The next target in line—and Soviet strategy in this period of the war has all the meticulous sense of purpose of a clerk checking off boxes on an inventory sheet—was Hungary. After the huge losses the Hungarians suffered in the Soviet Union since Stalingrad, the country had clearly been wavering in its allegiance to the Axis. On March 12, 1944, the Germans had carried out Operation Margarethe, occupying the country to prevent an Italian- or Romanian-style defection. By October, Soviet forces had driven deep into Hungary, and fierce armored battles were raging around Debrecen in the Great Hungarian Plain. The Hungarian head of state, Admiral Miklós Horthy, negotiated an armistice with the Soviets. His announcement of the armistice on October 15, 1944, led the Germans to carry out Operation Panzerfaust, a coup by fascist fanatics of the Arrow Cross movement. Horthy was out, and Arrow Cross leader Ferenc Szálasi was in. The Germans purchased Horthy’s acquiescence by kidnaping his son, Miklós Jr., beating him senseless, rolling him up in a rug, and transporting him to the Mauthausen concentration camp in Germany (Operation Mickey Mouse): a suitably gangsterish event that tells us all we need to know about the nature of Nazi foreign policy. Keeping Hungary loyal had little impact on the military side, however. After clearing the plain on the eastern bank of the Tisza River, the Soviets stormed toward Budapest. On December 5 they launched an offensive on both sides of the capital and encircled Budapest on Christmas Eve 1944. The siege, with four full German divisions inside the ring, would rage well into 1945.

All of these attacks in the northern and southern sector of the front left the center more or less untouched. Soviet forces still stood where they had since August: along the Vistula River, opposite Warsaw. And for anyone who had been paying attention to Soviet strategy thus far in the war, clearing the flanks could mean only one thing as 1945 began: an offensive along the central Warsaw-Berlin axis and a drive into the heart of Berlin. The end of the fighting back in August had seen Soviet armies seize three great bridgeheads over the Vistula south of Warsaw: at Magnuszew, at Pulawy, and on a long stretch of the Vistula between Baranow and Sandomierz, moving north to south. To the north of Warsaw, the Soviets held three more bridgeheads over the Narew River, two around Pultusk and a third at Lomza. Again, to anyone cognizant in Soviet battle planning, the maintenance of such numerous and expansive bridgeheads was a clear expression of operational intent. Unlike past offensives, the Soviets did not go to great lengths to employ maskirovka or deception. There could be no fooling the Germans as to the site of an attack so monstrous in size, and with German reserves chewed up in the Ardennes and in the fighting in Hungary, it hardly mattered how sly the Soviets tried to be. Most of the massive preparations for the great offensive—the Vistula-Oder operation—took place in the open.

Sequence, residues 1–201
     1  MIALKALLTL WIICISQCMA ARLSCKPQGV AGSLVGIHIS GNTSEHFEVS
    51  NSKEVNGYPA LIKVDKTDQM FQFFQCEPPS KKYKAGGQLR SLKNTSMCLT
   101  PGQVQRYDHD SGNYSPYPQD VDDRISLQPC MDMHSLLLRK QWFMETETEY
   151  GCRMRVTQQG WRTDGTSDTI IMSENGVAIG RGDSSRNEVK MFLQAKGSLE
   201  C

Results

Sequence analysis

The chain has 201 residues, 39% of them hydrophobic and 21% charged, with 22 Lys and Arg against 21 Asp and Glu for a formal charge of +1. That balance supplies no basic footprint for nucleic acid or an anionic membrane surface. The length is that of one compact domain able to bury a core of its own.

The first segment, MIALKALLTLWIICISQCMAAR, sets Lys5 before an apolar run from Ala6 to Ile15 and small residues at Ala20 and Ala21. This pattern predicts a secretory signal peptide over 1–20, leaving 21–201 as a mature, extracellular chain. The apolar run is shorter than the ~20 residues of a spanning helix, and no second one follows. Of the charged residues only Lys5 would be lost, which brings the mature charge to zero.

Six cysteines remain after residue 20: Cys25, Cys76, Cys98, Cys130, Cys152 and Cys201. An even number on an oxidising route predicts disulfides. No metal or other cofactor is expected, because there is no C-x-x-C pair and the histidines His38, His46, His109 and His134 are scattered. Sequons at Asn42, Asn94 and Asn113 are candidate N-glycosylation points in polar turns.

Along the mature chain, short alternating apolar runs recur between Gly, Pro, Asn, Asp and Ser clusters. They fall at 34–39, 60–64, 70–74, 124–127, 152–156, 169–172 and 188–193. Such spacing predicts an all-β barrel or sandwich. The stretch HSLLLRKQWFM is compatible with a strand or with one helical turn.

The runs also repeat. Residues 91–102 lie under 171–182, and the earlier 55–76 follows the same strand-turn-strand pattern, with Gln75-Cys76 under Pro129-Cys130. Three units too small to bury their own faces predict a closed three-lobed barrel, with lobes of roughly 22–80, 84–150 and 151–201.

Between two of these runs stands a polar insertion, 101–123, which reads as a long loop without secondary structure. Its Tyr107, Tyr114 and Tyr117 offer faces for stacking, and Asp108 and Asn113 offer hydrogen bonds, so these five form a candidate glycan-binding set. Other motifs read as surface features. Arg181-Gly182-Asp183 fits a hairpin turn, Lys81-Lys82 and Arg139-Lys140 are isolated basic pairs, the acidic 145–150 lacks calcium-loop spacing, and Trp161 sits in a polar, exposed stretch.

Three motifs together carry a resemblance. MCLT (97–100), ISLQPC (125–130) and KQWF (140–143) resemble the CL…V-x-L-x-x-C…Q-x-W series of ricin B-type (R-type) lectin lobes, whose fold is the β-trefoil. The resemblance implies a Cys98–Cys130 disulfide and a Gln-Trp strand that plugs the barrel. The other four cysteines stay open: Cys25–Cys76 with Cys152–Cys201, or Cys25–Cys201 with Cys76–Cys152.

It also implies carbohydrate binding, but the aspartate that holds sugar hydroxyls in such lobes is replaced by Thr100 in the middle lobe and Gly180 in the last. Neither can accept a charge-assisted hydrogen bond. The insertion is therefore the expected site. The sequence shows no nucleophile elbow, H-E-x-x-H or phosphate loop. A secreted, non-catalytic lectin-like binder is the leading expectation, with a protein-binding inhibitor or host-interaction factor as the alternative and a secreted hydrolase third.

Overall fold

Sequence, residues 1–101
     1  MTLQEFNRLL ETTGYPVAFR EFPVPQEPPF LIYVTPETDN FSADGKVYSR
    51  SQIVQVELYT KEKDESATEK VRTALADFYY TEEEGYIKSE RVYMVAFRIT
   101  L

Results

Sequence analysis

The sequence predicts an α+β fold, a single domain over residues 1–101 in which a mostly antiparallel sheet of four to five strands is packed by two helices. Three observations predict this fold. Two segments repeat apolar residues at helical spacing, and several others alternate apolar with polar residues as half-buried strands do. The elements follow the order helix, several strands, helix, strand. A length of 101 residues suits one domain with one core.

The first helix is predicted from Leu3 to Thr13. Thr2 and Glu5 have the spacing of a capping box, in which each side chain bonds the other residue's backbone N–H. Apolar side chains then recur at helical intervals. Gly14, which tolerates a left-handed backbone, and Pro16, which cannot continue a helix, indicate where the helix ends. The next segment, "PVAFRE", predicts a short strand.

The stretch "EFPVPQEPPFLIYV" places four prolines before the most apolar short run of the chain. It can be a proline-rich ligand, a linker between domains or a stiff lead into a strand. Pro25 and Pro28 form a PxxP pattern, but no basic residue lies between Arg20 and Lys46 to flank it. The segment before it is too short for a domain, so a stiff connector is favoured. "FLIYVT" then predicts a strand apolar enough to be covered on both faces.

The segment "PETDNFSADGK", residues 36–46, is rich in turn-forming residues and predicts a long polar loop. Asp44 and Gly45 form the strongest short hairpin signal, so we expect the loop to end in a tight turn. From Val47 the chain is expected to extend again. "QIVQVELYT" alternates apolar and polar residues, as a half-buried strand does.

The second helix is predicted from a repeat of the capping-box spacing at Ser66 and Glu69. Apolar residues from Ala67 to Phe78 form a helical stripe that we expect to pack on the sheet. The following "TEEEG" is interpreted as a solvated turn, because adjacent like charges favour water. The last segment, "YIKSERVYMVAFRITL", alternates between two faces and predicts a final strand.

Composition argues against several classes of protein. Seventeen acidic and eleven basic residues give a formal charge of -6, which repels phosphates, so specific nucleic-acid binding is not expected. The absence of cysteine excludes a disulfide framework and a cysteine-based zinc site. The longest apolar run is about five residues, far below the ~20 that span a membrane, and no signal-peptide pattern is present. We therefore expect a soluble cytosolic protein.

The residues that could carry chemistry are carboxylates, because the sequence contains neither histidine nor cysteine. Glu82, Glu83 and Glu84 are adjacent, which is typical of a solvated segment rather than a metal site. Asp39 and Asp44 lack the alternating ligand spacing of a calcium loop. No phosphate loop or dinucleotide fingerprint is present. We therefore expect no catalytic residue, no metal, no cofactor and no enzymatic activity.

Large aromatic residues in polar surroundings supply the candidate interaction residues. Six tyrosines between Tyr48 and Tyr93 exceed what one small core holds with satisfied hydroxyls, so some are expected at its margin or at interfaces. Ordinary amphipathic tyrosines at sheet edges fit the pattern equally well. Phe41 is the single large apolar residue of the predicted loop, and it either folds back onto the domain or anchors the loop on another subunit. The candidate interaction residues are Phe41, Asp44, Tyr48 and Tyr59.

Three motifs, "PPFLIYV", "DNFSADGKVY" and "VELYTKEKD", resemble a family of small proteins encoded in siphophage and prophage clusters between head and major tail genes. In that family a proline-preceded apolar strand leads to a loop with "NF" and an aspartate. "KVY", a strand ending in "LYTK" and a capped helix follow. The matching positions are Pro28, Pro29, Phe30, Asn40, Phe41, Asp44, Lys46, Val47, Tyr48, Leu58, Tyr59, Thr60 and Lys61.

And massive they were: two Soviet fronts bursting with men, tanks, and guns. On the Soviet right, directly opposite and to the south of Warsaw, 1st Byelorussian Front (Marshal G. K. Zhukov) assembled ten armies (eight combined-arms armies for the initial penetration, two tank armies, and two cavalry corps for exploitation along the attack axis) plus an air army. Such a robust force offered unlimited operational possibilities, and Zhukov seemed determined to try them all. He envisioned no fewer than three penetrations: the major one from the Magnuszew bridgehead, a 15-mile-wide by 6-mile-deep bulge over the river just south of Warsaw. Zhukov crammed three armies into Magnuszew, the 8th Guards Army under General V. I. Chuikov (formerly the 62nd Army, the heroes of Stalingrad), 5th Shock Army, and 61st Army. They would make the penetration, setting the stage for the 1st Guards Tank Army and the 2nd Guards Tank Army to launch the exploitation to the west. Zhukov designed a second, smaller penetration north of Warsaw, where 47th Army would take advantage of the general rupturing of the German line to cross the Vistula, loop around Warsaw to the north, and link up with the 61st Army coming up out of Magnuszew to encircle the city. Finally, a third drive would emerge out of Pulawy, in the southern reaches of Zhukov’s sector: 69th Army and 33rd Army would penetrate the German lines and link up with forces coming down out of Magnuszew, creating a series of tactical encirclements.